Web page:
Rezaian to rest, but wants to write about Iran again
Reporter Jason Rezaian was freed on Saturday in a prisoner swap between his two homelands
Freed reporter Jason Rezaian said Wednesday he wants to write more about “the US and Iranian story” but first needs time with his family to recover from 18 months in a Tehran prison.
The Iranian-American Washington Post journalist was freed on Saturday in a prisoner swap between his two homelands, and has been flown to Landstuhl in Germany to receive treatment after his ordeal.
“I want everyone to know that I’m feeling fine, and I feel lucky to be here at a place where I can get such terrific care,” he said, thanking medical staff and the Swiss diplomats who helped oversee his release.
A beaming Rezaian appeared briefly with his immediate family in front of reporters outside the US military hospital in Landstuhl but spoke little and instead released a written statement.
“I’ve spent a lot of my life writing about the United States and Iran, and I never imagined -– and never wanted –- to become a part of the story, particularly at such an extraordinary moment,” he said.
Rezaian was arrested in July 2014 along with his Iranian wife, who was later freed and was allowed to leave Tehran with him, her mother and two more former US prisoners at the weekend.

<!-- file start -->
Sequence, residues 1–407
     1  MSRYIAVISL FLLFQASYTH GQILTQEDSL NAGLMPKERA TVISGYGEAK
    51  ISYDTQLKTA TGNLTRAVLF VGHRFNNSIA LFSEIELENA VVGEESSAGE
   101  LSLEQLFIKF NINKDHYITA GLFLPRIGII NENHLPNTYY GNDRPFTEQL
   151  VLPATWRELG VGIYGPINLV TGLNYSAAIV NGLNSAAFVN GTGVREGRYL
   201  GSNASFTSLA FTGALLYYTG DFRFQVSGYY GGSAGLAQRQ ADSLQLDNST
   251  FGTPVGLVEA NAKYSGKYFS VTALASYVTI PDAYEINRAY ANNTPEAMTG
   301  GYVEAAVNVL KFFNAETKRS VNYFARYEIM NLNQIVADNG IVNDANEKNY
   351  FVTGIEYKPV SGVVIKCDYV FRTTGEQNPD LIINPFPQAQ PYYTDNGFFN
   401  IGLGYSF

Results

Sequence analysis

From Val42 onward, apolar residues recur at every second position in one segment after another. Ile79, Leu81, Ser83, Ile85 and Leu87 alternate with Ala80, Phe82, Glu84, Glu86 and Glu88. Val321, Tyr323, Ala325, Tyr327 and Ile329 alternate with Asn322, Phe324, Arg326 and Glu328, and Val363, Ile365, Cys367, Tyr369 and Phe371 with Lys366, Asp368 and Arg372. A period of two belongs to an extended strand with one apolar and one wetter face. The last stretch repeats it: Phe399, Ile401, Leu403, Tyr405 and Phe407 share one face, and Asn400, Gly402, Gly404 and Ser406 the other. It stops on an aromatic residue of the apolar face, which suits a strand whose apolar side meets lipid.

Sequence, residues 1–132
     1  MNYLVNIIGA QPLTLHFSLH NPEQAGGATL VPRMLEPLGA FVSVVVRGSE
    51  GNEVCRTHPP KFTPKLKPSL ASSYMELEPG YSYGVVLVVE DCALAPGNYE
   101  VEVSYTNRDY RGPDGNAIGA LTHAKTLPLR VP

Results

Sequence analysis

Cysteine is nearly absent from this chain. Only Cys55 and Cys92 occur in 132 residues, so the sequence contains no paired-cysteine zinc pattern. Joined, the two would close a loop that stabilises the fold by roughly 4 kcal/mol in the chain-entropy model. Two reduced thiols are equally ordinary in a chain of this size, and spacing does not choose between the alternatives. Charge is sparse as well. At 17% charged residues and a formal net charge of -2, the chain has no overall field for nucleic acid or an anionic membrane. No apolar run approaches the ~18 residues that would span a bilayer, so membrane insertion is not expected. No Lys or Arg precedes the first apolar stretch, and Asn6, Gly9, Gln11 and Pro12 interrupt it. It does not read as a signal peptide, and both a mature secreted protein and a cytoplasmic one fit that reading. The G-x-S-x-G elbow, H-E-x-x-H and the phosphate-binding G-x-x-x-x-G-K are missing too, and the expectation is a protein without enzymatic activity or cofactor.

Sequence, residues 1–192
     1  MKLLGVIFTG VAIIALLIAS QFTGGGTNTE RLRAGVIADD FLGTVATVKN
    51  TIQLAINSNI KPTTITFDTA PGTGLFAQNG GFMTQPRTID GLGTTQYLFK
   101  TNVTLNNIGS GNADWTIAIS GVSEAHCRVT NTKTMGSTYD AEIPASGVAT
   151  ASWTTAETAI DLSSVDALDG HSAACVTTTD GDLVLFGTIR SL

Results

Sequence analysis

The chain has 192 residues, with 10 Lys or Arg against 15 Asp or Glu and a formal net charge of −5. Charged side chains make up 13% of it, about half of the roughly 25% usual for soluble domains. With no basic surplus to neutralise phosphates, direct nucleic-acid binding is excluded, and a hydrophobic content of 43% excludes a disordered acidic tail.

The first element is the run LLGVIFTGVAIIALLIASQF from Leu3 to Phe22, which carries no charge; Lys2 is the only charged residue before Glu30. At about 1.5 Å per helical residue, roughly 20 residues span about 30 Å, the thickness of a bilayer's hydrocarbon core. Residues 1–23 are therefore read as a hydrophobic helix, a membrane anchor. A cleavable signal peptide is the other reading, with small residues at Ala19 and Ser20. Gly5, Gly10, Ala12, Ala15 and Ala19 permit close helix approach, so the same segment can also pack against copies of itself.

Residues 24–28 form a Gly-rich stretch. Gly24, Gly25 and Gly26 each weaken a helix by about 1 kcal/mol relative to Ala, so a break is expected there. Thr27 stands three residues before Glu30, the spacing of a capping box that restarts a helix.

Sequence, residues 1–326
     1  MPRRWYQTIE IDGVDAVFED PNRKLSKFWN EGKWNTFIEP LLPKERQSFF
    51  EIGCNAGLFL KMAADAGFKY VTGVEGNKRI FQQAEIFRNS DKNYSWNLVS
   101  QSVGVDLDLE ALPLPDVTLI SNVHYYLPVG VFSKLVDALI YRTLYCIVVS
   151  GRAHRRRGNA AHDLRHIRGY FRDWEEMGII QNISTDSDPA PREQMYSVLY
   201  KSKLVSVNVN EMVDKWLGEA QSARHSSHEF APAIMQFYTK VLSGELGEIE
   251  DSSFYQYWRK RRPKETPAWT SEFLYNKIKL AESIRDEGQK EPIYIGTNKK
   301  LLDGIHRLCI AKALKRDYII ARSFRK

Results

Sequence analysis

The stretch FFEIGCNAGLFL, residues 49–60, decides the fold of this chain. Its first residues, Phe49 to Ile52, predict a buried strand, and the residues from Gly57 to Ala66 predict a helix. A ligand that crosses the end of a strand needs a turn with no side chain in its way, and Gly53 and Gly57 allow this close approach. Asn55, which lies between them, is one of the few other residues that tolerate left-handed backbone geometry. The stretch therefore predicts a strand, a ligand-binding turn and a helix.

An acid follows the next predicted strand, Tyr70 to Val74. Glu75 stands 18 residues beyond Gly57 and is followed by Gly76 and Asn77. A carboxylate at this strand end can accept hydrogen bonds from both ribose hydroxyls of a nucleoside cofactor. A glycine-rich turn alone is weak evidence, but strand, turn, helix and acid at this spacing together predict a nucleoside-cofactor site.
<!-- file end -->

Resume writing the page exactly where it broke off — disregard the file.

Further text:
The reporter and his employer have always firmly denied Iranian allegations that he was a US spy, but he was convicted in a secret court and only freed after the implementation of the Iran nuclear deal.
“I want to get back to writing the US-Iran story at some point in the future. But I won’t be saying anything further for a while,” he said.
“I hope everyone will respect my need for privacy as I take some time for myself and for my family. For now, I want to catch up with what’s been going on in the world, watch a Warriors game or two, and see the Star Wars movie.”
Another of the released prisoners, 32-year-old former U.S. marine Amir Hekmati, also released a statement.
“I am learning more about the grassroots support I received from ordinary people from across the world over the past four-and-a-half years,” he said.
“I wanted to take a moment to thank you for everything you have done to keep my name a part of the conversation and for the kindness and support that you have given my family during the darkest period of our lives.”